Local authority official controls in approved dairy establishments carrying out cheese recovery in England audit

Last updated:
19 December 2008
These audits were planned to assess the effectiveness of local authority systems for approval of dairy establishments and the effectiveness of routine official controls in approved dairy establishments, with particular focus on establishments involved in handling and processing down-grade and/or mould contaminated cheese.

Executive summary

Most local authorities had developed and implemented generally effective procedures for approval. Some areas for improvement were identified, mainly in relation to animal by-products (ABP) controls, exclusion of products that were not fit for human consumption from the human food chain, product labelling and traceability, and compliance with official guidance.

File records confirmed that approval applications had in all cases been appropriately assessed and recorded before approvals were granted by local authorities. With the exception of two approved establishments, all the other 14 businesses visited as part of the audit programme were operating in accordance with their approval conditions.

Assessment of local authority inspection of approved establishments confirmed that nine of the ten audited authorities had inspected approved dairy establishments in their areas in accordance with the minimum frequencies specified in the Food Law Code of Practice. While five of the ten authorities were using well-structured inspection protocols or aides-memoire for approved dairy establishments inspections, the remainder did not have such a structured approach to inspections. In these cases, inspection reports did not show the full scope of routine official controls and the extent to which checks undertaken during inspections, had verified compliance with statutory requirements, the Food Law Code of Practice and official guidance.

Examination of the local authority file records of approved establishments confirmed that while some local authorities' records were well ordered, comprehensive and information on visits and other enforcement activities were easily retrievable, this was not the case in more than half of the audited authorities whose file records did not contain adequate information.

There was evidence that local authorities were working closely with businesses, and that officers provided information and advice routinely to support businesses in complying with food law.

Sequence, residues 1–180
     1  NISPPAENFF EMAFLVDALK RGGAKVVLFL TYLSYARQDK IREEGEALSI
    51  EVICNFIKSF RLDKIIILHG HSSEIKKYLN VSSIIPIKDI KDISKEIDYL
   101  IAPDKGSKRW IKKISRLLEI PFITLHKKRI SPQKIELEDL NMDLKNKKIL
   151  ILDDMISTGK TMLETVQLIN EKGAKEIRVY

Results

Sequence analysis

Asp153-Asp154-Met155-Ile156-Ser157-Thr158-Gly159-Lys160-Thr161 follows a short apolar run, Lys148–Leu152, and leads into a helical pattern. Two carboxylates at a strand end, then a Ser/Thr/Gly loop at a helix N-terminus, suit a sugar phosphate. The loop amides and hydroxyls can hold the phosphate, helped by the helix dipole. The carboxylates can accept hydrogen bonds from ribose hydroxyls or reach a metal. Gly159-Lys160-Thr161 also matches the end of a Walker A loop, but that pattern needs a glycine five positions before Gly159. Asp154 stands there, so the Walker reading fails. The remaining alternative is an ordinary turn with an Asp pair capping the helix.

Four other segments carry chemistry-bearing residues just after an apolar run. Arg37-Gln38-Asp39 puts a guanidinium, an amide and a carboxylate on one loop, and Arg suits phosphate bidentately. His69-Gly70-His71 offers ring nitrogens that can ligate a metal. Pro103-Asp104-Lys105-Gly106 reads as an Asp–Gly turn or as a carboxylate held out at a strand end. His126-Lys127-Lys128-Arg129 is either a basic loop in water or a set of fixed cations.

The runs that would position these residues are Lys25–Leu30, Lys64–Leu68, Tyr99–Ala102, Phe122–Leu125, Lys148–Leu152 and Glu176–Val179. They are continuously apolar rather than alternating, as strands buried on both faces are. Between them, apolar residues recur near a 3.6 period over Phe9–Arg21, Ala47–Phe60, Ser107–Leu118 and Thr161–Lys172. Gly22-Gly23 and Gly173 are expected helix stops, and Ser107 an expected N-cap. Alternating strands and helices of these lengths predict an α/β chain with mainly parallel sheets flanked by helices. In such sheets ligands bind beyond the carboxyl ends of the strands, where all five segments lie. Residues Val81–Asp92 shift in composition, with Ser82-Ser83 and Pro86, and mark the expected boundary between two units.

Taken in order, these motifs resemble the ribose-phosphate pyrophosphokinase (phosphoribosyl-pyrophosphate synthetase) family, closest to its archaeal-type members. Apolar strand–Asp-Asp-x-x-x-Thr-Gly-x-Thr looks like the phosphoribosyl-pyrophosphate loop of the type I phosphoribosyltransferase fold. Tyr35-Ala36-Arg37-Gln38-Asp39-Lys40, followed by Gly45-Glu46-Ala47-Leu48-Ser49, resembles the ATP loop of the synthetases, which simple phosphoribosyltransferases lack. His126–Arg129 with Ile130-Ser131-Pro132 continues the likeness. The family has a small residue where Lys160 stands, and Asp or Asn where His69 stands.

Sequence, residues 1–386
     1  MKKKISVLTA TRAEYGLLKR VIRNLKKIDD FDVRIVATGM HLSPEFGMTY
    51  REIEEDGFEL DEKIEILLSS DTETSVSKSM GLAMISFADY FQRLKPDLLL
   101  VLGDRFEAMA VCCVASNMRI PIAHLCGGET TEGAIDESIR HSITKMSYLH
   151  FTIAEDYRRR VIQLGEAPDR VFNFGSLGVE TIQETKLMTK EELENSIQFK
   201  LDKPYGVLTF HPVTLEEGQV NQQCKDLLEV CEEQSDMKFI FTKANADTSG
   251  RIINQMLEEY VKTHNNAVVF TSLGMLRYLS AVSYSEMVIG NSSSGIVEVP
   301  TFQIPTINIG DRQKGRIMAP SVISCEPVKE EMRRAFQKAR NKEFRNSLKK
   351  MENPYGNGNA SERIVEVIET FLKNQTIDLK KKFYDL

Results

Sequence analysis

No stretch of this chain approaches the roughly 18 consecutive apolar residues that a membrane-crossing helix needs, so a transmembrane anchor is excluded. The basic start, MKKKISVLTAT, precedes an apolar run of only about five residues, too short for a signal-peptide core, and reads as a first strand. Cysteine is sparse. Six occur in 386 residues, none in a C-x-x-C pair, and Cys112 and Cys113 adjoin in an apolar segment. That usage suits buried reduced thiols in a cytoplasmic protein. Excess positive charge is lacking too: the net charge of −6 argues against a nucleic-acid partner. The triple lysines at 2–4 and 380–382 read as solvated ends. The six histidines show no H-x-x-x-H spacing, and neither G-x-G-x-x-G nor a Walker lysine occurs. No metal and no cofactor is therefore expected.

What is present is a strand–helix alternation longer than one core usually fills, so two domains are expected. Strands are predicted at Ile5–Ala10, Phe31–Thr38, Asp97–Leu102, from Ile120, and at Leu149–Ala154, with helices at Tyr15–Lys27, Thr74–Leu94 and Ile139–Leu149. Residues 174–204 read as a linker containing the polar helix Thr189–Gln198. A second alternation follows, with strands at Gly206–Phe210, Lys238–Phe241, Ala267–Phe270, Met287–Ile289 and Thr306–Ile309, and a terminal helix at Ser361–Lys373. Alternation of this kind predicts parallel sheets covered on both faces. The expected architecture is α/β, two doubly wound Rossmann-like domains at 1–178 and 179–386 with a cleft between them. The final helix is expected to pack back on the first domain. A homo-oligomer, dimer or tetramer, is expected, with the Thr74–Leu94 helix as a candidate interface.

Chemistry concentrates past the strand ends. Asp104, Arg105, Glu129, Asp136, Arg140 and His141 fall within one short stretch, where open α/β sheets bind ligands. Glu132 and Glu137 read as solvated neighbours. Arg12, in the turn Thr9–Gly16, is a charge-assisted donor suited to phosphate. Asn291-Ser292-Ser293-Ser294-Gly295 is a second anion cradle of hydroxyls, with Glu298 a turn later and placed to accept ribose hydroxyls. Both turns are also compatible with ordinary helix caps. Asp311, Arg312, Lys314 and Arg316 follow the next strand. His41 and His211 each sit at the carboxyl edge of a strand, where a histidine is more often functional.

Officers responsible for official controls in approved establishments had been correctly authorised by nine local authorities in accordance with the qualification, competency and experience requirements of the Food Law Code of Practice, and had attended relevant update training.

Although the audits confirmed that the essential framework for implementation of official controls in approved establishments had been developed in all authorities, the recommendations are aimed at improving effectiveness and consistency of local authority enforcement.

The audits also identified the need to develop enhanced liaison and referral arrangements between environmental health and trading standards services in order to close any gaps in food law enforcement, particularly in relation to food standards and animal by-products (ABP) enforcement issues.

Official controls in approved dairy establishments
The effectiveness of food business operator (FBO) controls in the approved establishments visited was variable. A number of recommendations were made to improve compliance with legal requirements and the relevant official guidance issued by the Agency. It was evident that all LAs had actively promoted and disseminated the cheese recovery guidance, although it was observed that some FBOs were not operating in full accordance with the guidance.

Seven of the ten audited authorities were not adequately assessing the effectiveness of arrangements for disposal of waste cheese that was not suitable for human consumption, to establish compliance with requirements of the ABP Regulation (EC) No 1774/2002, and the Agency’s cheese recovery guidance.

In two approved establishments it was noted that line waste and floor sweepings, which were not suitable for human consumption, were not labelled as such in accordance with official guidance. The audits also highlighted unlawful practices that posed potential public health risks. These included practices whereby waste and down-grade cheese, including floor sweepings, were not consigned for disposal through approved routes, but were in some cases being sold on to other food businesses in the UK, and other EU countries. Subsequent audits of the receiving establishments confirmed that the product was being re-processed and re-packaged for sale. In two approved establishments, it was noted that the FBOs did not have adequate controls to exclude Aspergillus (black) mould-contaminated cheese and other unsuitable cheese from recovery operations.

Where significant deficiencies were identified, auditors discussed and agreed the required remedial measures with enforcement officers and FBOs. In all cases written recommendations were made to enforcement authorities, to undertake appropriate follow-up actions and to ensure effective monitoring, thereafter, to confirm continuing compliance with requirements and official guidance. Subsequent follow-up contacts with relevant local authorities confirmed that all authorities had undertaken appropriate follow-up actions and had where necessary referred cases to appropriate authorities or agencies.

The audits identified a number of issues for the Agency and other stakeholders including, Defra and LACORS. These are outlined in Section 6 of the full report.